Brand building should be an essential part of the growth of all organisations. As various components of brand equity, (such as awareness, salience, brand loyalty and advocacy) strengthen, they impact positively on brand performance and on future discounted cash flows, which in turn, enhance the financial value of the brand. This has positive outcomes for the value of the organisation as a whole.
This means that when large corporates or SME’s exit their business they can expect a far better return with a strong brand, compared to one that has not been optimised.
Before charting a course to build your brand you should have an objective assessment of its current state. In this regard a brand audit is valuable in that it researches and analyses the current state of an organisation’s brands as well as the way in which they are managed.
By assessing a brand’s status quo, including its strengths and weaknesses, a brand audit provides an excellent foundation for strategic brand development. In addition it provides a benchmark against which future brand activity can be compared and evaluated.
A brand audit consists of a number of elements and the following are important in this regard:
• An analysis of past and current branding activity, brand positioning and brand marketing. A determination of trends with reasons and outcomes.
• In tandem with the above, analysing relevant existing brand, market and marketing research, if available or undertaking this. This pertains to both the brand under review and competition.
• The focus of a brand audit can be internal or external.
• An internal brand audit examines perceptions of the brand and the way in which it is managed from the perspective of management and staff generally. It concerns itself with a number of key issues including brand mission, vision, and culture and establishes if these align with the organisation as a whole currently and takes into account proposed changes in the future. It ascertains whether internal stakeholders understand the brand and agree with its current image, value offering and points of difference and parity as well as its promise.
• In addition an internal brand audit examines what information is conveyed to management and staff, in what form and how often. Furthermore it seeks to discover if management and employees are true brand advocates and if they communicate the brand’s image and essence in the ideal manner. If internal stakeholders do not believe in their own brand and portray it appropriately how can customers and others be expected to regard the brand as credible?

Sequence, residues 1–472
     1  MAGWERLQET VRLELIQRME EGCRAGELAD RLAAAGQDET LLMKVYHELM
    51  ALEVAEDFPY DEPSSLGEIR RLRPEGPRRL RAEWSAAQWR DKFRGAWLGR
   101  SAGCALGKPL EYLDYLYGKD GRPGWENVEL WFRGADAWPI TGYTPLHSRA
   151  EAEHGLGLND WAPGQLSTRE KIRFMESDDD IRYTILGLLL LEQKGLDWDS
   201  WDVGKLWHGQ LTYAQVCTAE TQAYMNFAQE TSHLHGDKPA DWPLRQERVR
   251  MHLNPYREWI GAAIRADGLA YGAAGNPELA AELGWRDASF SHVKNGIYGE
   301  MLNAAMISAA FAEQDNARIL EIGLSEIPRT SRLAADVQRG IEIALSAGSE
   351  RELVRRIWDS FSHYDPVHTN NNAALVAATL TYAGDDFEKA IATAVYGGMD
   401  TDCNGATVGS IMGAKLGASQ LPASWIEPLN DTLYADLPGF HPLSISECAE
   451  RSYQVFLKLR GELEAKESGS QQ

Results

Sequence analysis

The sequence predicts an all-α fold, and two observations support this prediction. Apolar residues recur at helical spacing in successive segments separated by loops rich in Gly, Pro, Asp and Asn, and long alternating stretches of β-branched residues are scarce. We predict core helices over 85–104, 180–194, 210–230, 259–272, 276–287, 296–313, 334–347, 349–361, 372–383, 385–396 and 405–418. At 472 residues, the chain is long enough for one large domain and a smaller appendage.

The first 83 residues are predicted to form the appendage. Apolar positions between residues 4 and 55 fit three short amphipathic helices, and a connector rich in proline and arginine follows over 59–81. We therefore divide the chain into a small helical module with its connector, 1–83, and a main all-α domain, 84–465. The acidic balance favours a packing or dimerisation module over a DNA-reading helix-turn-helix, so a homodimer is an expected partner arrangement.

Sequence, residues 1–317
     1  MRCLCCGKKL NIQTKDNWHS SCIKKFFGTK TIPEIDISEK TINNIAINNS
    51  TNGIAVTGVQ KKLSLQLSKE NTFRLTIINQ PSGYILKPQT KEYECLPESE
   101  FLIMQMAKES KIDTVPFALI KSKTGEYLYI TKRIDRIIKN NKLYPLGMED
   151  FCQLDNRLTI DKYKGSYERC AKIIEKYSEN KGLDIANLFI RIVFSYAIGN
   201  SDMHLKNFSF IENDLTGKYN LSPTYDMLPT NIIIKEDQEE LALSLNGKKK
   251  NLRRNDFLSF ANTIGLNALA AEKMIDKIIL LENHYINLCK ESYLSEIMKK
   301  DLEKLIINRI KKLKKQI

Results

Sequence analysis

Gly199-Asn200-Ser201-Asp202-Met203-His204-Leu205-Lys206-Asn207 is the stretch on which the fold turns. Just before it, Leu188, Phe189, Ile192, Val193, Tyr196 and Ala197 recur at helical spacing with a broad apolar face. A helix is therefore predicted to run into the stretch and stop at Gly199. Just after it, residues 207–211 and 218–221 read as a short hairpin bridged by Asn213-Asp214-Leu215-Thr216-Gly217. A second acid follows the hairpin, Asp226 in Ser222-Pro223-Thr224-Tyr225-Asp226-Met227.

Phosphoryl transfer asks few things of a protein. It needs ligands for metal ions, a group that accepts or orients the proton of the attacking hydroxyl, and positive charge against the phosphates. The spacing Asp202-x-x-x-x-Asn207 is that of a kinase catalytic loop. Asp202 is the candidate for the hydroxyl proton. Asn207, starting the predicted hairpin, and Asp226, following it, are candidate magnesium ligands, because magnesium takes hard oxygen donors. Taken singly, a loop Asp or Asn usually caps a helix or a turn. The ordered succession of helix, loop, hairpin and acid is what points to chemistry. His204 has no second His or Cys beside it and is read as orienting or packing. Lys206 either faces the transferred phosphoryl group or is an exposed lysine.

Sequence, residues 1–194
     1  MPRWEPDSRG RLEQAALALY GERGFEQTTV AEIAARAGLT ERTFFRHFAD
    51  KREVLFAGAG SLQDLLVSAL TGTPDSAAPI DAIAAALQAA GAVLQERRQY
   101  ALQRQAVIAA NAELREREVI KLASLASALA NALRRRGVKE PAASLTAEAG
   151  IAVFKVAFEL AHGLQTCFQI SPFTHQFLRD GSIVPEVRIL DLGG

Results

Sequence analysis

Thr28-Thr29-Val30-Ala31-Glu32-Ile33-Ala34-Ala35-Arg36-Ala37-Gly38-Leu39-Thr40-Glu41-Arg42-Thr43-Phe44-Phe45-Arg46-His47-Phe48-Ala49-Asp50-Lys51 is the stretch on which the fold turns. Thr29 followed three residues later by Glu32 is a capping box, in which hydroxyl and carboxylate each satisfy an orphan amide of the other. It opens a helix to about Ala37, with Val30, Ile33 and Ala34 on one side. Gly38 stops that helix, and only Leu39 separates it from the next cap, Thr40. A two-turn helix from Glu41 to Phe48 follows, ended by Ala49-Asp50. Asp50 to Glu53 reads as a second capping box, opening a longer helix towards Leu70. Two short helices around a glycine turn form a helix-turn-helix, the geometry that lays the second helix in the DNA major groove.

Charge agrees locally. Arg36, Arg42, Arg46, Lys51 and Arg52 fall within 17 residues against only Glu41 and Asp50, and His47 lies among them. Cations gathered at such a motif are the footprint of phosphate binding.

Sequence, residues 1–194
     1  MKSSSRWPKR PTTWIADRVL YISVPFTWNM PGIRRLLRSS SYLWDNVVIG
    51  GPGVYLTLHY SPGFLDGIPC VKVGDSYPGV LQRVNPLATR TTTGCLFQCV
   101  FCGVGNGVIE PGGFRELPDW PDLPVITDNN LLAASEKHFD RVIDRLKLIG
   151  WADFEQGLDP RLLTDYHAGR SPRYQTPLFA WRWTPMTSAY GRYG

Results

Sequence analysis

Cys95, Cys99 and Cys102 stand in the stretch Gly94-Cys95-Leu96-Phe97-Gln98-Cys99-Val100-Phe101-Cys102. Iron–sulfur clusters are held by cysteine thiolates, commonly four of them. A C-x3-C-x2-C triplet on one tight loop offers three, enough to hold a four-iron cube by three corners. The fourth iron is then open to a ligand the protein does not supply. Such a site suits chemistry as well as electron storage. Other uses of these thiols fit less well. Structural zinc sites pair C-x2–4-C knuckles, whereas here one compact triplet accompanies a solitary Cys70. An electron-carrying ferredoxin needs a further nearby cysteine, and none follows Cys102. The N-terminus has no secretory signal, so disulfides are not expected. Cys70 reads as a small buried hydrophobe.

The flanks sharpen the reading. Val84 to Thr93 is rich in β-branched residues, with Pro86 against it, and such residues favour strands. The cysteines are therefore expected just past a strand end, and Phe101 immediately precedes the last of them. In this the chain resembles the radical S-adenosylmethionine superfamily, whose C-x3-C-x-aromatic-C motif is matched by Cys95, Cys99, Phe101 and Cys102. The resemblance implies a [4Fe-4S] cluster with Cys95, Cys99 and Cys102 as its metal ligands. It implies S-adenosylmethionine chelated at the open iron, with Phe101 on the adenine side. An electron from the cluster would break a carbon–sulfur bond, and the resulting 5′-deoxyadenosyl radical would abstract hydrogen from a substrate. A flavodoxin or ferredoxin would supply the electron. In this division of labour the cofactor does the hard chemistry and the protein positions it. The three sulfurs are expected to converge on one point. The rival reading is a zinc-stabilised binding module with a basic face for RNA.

• Research conducted for both internal and external brand audits need to be objective. Whilst either or both qualitative or quantitative can be used, our recommendation, generally, is to ensure that quantitative elements are included.
• An external brand audit covers similar areas from the perception of outside stakeholders such as customers, lost customers and customers of competitive brands. In addition it can also include other types of external stakeholders such as suppliers distributors and the media, as appropriate.
• An external brand audit assists a company to establish if the internal and external brand perceptions are consistent, which ideally should be the case. If not this issue should be addressed.
• In addition an external brand audit is greatly beneficial in assessing the extent of brand equity in important areas such as brand awareness, brand salience, perceived quality, brand loyalty, and advocacy.
• Some organisations include a communications audit as part of their brand audit but strictly speaking this is a separate audit that focuses on areas such as communication channels utilised (both on and off line), relevance of messages for the target market, consistent and accurate brand portrayal from the desired brand perspective, content, PR and other factors.. A communications audit should be customer centric to a significant extent.
• An expert consultant can play a crucial role as far as brand (and communications) audits are concerned from inception and methodology to the point where an objective and expert opinion is required on the interpretive and strategic fronts.
• A comprehensive SWOT analysis is often included at the end to pull all of the above elements together and add to the overall understanding.
Whilst the points mentioned provide a brief outline of the steps involved in a comprehensive brand audit many SME’s do not have the structure, finances or time to undertake a brand audit of such a comprehensive nature and as such the scope of a brand audit in this instance should be truncated and tailored to accommodate individual needs and circumstances.
Despite these limitations even a limited brand audit provides an important benchmark and can greatly assist in crucial areas like brand building, strategy and planning. As successful brands have the potential to add considerable financial value to their owners a brand audit is a significant investment from many perspectives.
About the writer
Alan Kaplan PhD has international experience spanning more than twenty five years across academic, media, agency, client and consulting areas. Alan’s profile can be viewed on LinkedIn and he can be contacted on 041875855.
Contact Optivance 360 for a no obligation discussion on how we can assist you with all your branding, marketing and communications in a consulting, non executive management or mentoring capacity, or for any of our other key business services including franchising.
Alan Kaplan © 2012
This article is for general information and the reader should seek specific expert advice before taking any action.